Perhaps Hideo Kojima actually is some type of navy techno-future prophet. In a transfer that would’ve been cribbed straight from Kojima’s Steel Gear Stable 4: Weapons of the Patriots, the U.S. Military is exploring a human-robot buddy system that, like Snake’s setup in MGS4, will let troopers voyeuristically spy from afar the extra rapid risks that lurk round their robotic sidekick’s subsequent nook.
Within the online game, tech guru Otacon hooks Snake up with Steel Gear Mk. II, a pint-sized (and virtually cute) two-wheeled droid that broadcasts video and different important subject data again to Snake’s eyepatch. Otacon introduces the pleasant little fella as “a distant cellular terminal designed to give you operational help,” main Snake by all types of late-adopter’s grunts and grousing earlier than he begins to see how helpful an additional set of eyes might be.
In the true world, the Military Analysis Laboratory is testing what just about quantities to the identical factor. Describing its “robo-teammate” concept as “the primary human-robot crew through which the robotic detects bodily adjustments in 3D and shares that data with a human in real-time by augmented actuality,” the Military and researchers with the College of California, San Diego just lately published their findings from early subject testing on the 12th Worldwide Convention on Digital, Augmented, and Blended Actuality.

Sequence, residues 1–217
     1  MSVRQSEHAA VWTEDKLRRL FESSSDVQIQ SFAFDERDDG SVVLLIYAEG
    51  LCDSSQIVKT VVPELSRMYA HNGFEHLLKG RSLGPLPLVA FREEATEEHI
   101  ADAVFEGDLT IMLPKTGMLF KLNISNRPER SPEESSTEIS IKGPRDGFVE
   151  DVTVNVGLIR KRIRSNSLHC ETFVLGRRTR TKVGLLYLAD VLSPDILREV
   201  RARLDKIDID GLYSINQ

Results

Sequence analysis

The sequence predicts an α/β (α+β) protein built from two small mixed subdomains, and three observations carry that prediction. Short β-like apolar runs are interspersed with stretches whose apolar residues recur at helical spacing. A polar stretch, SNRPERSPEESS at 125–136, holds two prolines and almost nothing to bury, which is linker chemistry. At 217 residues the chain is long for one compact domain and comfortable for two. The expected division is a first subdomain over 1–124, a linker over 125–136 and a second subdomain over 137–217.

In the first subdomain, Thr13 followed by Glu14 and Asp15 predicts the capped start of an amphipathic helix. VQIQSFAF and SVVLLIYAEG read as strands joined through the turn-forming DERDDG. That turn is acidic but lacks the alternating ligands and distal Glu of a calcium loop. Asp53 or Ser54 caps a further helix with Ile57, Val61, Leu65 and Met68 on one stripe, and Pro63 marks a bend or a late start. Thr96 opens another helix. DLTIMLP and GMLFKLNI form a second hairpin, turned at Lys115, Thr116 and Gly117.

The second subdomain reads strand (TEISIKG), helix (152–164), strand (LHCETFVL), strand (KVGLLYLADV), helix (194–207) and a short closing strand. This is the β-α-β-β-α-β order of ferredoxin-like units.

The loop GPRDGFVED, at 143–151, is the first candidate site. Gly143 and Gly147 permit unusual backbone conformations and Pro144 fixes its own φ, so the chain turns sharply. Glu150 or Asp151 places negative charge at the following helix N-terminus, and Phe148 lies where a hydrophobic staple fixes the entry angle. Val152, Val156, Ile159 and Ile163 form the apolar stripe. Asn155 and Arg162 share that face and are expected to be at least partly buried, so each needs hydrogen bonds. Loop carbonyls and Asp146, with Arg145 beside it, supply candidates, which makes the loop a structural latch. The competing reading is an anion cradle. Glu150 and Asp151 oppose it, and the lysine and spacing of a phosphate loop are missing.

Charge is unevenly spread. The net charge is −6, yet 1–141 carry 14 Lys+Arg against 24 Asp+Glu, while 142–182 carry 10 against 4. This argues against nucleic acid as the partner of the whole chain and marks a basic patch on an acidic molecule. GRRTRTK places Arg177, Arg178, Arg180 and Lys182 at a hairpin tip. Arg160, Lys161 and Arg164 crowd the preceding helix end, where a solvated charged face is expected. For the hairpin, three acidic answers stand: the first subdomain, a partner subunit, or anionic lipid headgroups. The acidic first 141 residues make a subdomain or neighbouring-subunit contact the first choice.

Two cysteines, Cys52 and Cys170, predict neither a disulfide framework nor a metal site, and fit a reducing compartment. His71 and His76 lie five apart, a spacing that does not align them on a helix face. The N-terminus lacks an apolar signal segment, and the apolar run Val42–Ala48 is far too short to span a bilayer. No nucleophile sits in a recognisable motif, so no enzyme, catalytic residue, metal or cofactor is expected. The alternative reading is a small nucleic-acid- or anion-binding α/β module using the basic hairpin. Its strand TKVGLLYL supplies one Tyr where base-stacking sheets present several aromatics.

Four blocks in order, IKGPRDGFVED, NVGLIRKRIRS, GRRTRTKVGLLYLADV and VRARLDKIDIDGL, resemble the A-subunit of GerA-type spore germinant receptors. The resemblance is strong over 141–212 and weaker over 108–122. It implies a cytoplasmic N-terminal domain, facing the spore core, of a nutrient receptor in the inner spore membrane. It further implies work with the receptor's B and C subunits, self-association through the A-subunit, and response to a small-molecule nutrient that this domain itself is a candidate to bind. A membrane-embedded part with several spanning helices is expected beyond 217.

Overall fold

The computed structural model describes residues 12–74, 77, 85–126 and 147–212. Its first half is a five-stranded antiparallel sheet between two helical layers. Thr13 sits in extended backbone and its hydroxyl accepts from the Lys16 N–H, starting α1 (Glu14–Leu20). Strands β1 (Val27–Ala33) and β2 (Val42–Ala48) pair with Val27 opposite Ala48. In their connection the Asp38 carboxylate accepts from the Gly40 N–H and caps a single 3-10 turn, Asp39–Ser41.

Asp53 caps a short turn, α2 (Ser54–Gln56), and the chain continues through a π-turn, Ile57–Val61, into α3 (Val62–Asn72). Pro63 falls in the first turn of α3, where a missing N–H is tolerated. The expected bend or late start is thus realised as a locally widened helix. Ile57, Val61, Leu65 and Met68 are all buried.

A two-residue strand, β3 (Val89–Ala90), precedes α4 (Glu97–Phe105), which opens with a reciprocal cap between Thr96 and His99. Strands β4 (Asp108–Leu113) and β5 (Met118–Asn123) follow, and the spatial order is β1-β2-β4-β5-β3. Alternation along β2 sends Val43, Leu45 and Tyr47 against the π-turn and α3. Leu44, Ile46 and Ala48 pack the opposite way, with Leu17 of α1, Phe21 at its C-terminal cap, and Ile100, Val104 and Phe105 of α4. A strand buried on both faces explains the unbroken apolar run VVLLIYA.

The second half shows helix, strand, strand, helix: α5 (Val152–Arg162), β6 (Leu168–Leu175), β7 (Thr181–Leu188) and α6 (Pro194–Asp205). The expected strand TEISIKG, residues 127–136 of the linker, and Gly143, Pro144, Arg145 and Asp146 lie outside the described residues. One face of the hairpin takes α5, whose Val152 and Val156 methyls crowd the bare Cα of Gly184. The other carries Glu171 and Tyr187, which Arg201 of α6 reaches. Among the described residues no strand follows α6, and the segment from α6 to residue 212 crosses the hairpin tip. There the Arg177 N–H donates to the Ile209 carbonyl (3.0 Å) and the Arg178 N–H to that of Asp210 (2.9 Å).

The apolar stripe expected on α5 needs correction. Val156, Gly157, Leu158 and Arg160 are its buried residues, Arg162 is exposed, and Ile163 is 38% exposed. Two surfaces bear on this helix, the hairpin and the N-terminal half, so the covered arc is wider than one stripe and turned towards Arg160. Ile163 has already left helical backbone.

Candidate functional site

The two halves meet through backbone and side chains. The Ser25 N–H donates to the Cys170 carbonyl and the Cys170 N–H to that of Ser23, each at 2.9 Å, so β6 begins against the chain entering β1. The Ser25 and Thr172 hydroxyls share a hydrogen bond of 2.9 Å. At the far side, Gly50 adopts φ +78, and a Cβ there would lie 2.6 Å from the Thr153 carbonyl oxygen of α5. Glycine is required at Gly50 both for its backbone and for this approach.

We’re not fully certain what drives all of the tech that makes the Steel Gear Mk. II go, however its real-life counterpart is described as a “cellular floor robotic” that makes use of LIDAR laser sensing to “construct a illustration of the surroundings,” which it delivers to a “human teammate.” Sadly, that teammate doesn’t get Snake’s cool eyepatch — however nonetheless scores huge know-how factors with AR-enabled glasses that show, in actual time, what the robotic scout “sees” through an augmented reality interface.
The potential makes use of for the Military’s diminutive droid are proper according to Snake’s. “This might let robots inform their Soldier teammates of adjustments within the surroundings that is perhaps missed by or not perceptible to the Soldier, giving them elevated situational consciousness and offset from potential adversaries,” defined Dr. Christopher Reardon, a researcher on the U.S. Military Fight Capabilities Growth Command’s Military Analysis Laboratory, within the undertaking’s news release. “This might detect something from camouflaged enemy troopers to IEDs.”
Within the idea’s debut outing, the primary factor researchers wished to check was whether or not the data the robotic despatched again was readable and helpful to its human handler — and the Military says the early outcomes look promising. “[M]ost engineering efforts to offer people with mixed-reality interfaces don’t look at teaming with autonomous cellular robots,” stated Reardon. However the take a look at demonstrated, in a real-world setting, that people within the subject may see and consider the shared data, and that it was dependable and strong sufficient (pun meant) to result in tactical human selections.
For now, the human-robot buddy system continues to be within the analysis stage. However the navy already believes its analysis is laying the groundwork for integration with different forward-looking gear — “future Soldier mixed-reality interfaces such because the Military’s Built-in Visible Augmentation System goggles, or IVAS.” By tweaking and refining the robotic’s AR talents to acknowledge threats, in addition to giving its human associate some robot-based choices for the right way to reply, the Military says it’ll use the analysis as a foundation for a tech-based subject partnership that would in the future see motion — even when the battle for greatest robotic character has already been determined within the Steel Gear Mk. II’s favor.